What’s the Outline of ‘Socially Connected’?
It’s essentially for people who are interested in understanding the online world, especially social media … people who want to build a brand and online social bond, both personal and professional. Everything from [the] broad strokes of building your online presence and how to connect on different platforms and all the way down to the granular. Why you would want to start a food blog if you’re passionate about cooking, and how to get an audience to it. How to synch up your Twitter feed to your blogosphere. Just starting with basic building blocks and connecting it all together.
What Role Does Social Media Play in Your Professional and Personal Lives?
Professionally, it’s a great way for me to build an audience of like-minded people. … Twitter is the megaphone where you can broadcast quick thoughts and quick information. It’s a great way to drive traffic to our website. Facebook is really where we engage more with our community. People can ask us questions, and we can ask them questions and really start a dialogue. LinkedIn is really just my resume on steroids.
Personally, it’s been great for me. I’ve built a lot of friendships with women I’ve never met who have helped me, and I’ve been able to help them. … I do have a lot of people who follow me on Twitter and Facebook, and they feel like they are keeping in touch. Just like we all do on Facebook — we’re not really in touch, but we are keeping tabs.
Do the Personal and Professional Online Lives Ever Merge?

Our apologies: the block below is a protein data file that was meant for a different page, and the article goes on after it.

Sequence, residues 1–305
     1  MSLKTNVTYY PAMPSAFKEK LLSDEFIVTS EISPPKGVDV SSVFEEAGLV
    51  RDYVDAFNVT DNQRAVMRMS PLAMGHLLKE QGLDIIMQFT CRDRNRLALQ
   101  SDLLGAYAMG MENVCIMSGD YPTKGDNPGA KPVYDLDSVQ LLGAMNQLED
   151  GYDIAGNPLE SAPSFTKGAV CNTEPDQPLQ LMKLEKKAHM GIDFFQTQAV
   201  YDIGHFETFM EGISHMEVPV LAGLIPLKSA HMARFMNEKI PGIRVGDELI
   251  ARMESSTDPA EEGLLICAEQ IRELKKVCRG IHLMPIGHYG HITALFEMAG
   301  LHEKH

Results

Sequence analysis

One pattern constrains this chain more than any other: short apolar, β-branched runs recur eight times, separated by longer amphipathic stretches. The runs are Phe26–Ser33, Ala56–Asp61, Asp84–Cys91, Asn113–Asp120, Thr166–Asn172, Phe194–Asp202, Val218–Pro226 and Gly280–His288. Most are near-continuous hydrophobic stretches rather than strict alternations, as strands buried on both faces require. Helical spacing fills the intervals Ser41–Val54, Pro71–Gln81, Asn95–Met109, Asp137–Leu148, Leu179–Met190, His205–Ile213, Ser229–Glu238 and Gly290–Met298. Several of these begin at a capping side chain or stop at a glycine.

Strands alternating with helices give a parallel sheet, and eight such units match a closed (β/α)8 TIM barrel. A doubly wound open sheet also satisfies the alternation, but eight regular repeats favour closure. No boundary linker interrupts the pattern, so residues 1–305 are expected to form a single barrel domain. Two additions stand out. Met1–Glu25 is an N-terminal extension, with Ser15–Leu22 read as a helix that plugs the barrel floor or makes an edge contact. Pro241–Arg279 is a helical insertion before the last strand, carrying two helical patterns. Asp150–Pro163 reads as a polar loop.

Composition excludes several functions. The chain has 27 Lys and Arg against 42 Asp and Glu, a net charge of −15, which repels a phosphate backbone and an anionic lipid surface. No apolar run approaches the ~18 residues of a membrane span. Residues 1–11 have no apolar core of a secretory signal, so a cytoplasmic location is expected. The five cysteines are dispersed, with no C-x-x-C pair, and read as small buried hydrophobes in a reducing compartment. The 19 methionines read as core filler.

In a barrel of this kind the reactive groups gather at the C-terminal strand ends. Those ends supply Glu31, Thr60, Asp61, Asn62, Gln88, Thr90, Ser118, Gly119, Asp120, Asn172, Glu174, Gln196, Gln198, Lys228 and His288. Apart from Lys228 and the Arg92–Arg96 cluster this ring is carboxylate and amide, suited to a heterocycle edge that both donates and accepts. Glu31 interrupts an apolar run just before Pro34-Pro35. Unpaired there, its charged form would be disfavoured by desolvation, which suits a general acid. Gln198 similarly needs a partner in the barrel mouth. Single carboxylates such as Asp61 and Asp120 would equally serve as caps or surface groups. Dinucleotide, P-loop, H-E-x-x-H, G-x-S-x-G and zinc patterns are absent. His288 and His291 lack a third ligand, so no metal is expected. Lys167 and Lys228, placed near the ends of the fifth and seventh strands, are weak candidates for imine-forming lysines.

My personal and professional lives are very blurred. My kids are in my show, and they are watching me publish my blog and edit video, and we are talking constantly about the tools I am using. I seek various organizations, and I communicate with those people online and I’ve often seen them offline. The whole concept of my show [Digitwirl] is how I manage my own family and work lives with the technology I am sourcing and sharing with my audience.
What’s the Common Thread Between Your Interests and Abilities?
My passion, I think, really is to educate. I’ve always been an educator, just naturally. … I speak at women’s entrepreneurial groups on everything from Internet videos to list building and email marketing. Pretty much anything anyone asks me to speak about. I just really enjoy sharing what I know, whether it’s with a girlfriend or in a national newsletter or syndicated Web series. I also just love technology. People might wrongfully think I’m super organized and totally together. I need all of these resources just as much as anyone in my audience. I’m just a hopeless mess most of the time when it comes to keeping my life in order. This is a 100 percent organic pursuit of resources that can help me, and I couldn’t be more thrilled to share them when I find them.